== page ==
The Art of Observation - Montessori in Practice at Home

 If there were one important thing that I could pass along about the method at home, it is the art of observation. It is the most simple and completely free concept; often overlooked key to the peace and well-being of you, your child, and home.

The art of observation can completely shift the energy in your home, and often determine the peace in which you can respond to your children. Allowing your family the gift of time to be fully present in the moment can completely shift your energy, and allow you to fully see your child. A much slower pace as a family can certainly help.

The art of observing a child who is deeply absorbed in a moment with complete concentration and intent on mastering the work they have at hand is the heart of the method. This is a very deep conversation that is one of the core principles of the Montessori philosophy, and is perhaps one of the hardest concepts for parents and teachers/guides to grasp. 
These are the moments where we need to pull back and see our children for the people that they are; that they are doing their natural work to build themselves in mind, body, and spirit.

Maria Montessori suggests that teachers who began work in her classroom who have had a more scientific background, more readily grasped the art of observation; given it’s scientific roots. 

Observation requires that we do not readily interfere, and allow the nature of the child to unfold. 

Maria Montessori speaks at length about observation and a great example that will help you so clearly to understand can be found in The Montessori Method that begins on page 86 under the chapter of Discipline. She describes training new teachers in their first days in her classrooms; “training is especially necessary for those who have been accustomed to the old domineering methods of the common school.”  She describes the principles of observation as being one of the most difficult for teachers to put into practice, and I so feel this is true of any adult or parent at home. She offers stories of events with the children in class; She describes a small boy who wishes to see what is happening with the older students who are playing at a water basin with boats. She observes this boy scanning the environment for a solution to help himself, and he intently fixates on a chair and triumphantly begins to climb in effort to see the boats. She observed that the boy had acted on his own accord and looked to himself to devise a solution and acted upon it. This was a huge moment of growth and accomplishment, however the teacher swooped in and grabbed up the child without observing all that he’d just accomplished in those precious moments.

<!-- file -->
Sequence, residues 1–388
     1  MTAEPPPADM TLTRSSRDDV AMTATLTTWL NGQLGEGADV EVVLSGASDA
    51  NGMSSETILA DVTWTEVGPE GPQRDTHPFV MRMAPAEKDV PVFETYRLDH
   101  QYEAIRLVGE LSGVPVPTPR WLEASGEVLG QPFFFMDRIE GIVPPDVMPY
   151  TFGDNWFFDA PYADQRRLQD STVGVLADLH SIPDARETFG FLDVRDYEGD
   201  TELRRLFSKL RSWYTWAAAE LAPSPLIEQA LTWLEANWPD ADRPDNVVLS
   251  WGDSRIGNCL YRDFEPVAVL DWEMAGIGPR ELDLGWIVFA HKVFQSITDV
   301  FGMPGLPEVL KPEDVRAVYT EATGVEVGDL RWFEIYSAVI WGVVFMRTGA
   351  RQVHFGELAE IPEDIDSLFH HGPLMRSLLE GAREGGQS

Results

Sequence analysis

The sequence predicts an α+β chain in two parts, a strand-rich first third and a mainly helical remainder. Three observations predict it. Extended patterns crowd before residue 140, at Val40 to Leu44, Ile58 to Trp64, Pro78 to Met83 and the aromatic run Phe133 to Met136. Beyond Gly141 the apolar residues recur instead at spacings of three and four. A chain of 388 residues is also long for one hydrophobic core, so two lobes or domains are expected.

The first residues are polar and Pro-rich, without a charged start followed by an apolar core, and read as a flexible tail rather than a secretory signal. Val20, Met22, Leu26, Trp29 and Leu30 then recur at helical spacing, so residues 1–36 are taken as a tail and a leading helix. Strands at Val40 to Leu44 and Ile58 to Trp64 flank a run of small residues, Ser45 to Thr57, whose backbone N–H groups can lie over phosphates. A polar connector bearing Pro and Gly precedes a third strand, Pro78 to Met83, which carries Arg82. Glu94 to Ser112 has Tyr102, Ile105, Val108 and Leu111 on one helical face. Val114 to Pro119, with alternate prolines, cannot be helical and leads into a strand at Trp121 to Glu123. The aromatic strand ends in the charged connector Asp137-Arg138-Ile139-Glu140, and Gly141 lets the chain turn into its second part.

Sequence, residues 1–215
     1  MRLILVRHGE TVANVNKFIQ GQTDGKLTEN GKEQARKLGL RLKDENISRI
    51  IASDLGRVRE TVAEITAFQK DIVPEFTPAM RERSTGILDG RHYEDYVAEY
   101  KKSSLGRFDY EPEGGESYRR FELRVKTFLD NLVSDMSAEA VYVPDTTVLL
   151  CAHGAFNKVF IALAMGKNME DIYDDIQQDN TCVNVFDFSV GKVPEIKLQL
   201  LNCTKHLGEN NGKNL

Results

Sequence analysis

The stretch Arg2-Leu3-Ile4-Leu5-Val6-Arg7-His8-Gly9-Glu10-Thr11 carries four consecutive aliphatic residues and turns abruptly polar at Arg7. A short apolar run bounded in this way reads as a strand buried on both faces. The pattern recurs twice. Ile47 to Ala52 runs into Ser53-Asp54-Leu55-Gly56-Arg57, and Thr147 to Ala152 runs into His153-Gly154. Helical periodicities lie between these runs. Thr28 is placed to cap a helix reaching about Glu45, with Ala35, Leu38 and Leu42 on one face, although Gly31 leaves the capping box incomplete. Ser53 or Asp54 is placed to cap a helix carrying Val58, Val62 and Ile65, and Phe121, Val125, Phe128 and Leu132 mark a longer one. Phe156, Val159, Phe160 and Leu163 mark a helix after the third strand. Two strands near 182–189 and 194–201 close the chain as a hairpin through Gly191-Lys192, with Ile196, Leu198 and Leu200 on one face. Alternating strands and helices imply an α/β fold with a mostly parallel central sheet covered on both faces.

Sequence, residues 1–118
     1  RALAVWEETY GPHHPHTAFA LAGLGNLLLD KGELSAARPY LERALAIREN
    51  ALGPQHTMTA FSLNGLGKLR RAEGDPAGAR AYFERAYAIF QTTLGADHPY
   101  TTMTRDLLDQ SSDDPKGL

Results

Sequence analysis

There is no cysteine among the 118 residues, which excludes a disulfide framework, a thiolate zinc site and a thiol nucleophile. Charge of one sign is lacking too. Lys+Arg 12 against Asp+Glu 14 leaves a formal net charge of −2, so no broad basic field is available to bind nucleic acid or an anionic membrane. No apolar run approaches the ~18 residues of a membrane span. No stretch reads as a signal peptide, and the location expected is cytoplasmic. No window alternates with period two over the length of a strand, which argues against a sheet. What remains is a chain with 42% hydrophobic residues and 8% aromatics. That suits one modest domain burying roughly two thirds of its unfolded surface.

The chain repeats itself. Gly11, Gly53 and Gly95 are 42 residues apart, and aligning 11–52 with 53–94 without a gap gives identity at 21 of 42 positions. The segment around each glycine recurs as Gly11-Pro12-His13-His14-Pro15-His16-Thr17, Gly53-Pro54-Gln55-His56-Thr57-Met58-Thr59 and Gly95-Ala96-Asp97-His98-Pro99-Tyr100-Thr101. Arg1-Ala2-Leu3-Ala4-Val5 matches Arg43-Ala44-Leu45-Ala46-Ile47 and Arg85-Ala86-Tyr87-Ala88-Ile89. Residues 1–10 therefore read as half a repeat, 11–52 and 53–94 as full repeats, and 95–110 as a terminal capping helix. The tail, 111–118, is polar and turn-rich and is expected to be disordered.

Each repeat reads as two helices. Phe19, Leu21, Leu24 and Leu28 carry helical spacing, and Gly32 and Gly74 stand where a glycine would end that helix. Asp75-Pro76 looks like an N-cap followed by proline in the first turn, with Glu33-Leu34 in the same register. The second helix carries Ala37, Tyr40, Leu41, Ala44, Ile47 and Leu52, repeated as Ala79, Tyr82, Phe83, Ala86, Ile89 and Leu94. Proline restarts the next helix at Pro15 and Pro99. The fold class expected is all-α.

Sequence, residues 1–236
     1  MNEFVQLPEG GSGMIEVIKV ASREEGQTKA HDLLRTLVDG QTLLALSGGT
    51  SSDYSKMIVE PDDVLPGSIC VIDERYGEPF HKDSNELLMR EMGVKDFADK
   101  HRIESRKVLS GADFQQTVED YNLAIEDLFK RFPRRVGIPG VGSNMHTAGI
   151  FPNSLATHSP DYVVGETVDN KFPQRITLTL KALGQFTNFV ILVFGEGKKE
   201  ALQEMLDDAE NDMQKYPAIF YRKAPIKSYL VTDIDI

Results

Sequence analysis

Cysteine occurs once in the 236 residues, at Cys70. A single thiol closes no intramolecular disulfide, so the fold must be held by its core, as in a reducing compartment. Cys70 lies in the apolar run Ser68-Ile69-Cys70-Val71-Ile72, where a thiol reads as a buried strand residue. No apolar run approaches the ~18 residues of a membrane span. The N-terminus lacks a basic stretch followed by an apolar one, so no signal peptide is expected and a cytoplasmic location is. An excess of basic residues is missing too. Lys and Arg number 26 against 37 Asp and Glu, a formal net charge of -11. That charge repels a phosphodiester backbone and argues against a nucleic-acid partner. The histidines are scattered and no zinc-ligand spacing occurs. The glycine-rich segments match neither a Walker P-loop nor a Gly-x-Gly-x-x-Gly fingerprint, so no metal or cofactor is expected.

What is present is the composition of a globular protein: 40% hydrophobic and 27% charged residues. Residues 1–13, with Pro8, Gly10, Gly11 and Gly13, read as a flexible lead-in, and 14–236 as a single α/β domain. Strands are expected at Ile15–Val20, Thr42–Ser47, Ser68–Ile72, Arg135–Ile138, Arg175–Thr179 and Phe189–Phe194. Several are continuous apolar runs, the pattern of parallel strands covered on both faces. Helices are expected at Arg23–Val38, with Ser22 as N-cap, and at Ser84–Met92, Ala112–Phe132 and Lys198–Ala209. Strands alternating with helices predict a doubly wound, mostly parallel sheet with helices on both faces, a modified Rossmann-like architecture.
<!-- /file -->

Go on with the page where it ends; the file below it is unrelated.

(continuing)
Observation at home can become even more complicated due to all of the daily tasks and rushing that happens in our environments. Maria described a child in a piece that she wrote called The Mother and Child in 1915. A child is working intently and quietly putting on his coat to go to the park. He is taking his time contemplating and practicing this practical task with great concentration. Mother (or other grown person) comes along and grabs the work from his hand to get it done quickly, and scoops up the child to hurry him out the door… to go enjoy the park. This action has told the child many things, but mostly that he needs to rely on an adult because he is not capable. We so often want and hope in our hearts for our children to become confident self reliant grown people, but actions like this rob a child of not only respect but the opportunity to build those precious skills. 

In our home we work to slow down and to give ourselves and our children the grace of precious time. She has given many examples and here is another that is more directed at the prepared environment or having an accessible home. She spoke of a small child in need to pick things up, to sensorially explore his environment, and he is repeatedly told to stop picking things up and to put them down “don’t touch”. Observing and seeing the child needs, reveals his need to have interaction and freedom to explore. We made the decision to place things that we did not wish to be broken up high or away. The philosophy of “he needs to learn not to touch” is a lesson that can come much later. Your child’s growth and development are dependent upon exploration, and creating an accessible space rich with invitations of materials and activities for your child to explore freely are essential.

  When we are pulling back as a family in effort to refocus on peace and slow things down there are a few things I ask myself; Is it necessary? Is this 'thing/event' creating more difficulty and hardship to make happen - then it would be to let it go? Can we slow this down?
I remind myself that quiet observation, and slowing down to actually see what and how my children are interacting with in their environment is everything.
One final thought...
 It's so easy to be hard on ourselves.
All of this takes time and practice, so please be kind to yourself 💕  

It doesn't have to be perfect. It just has to be.



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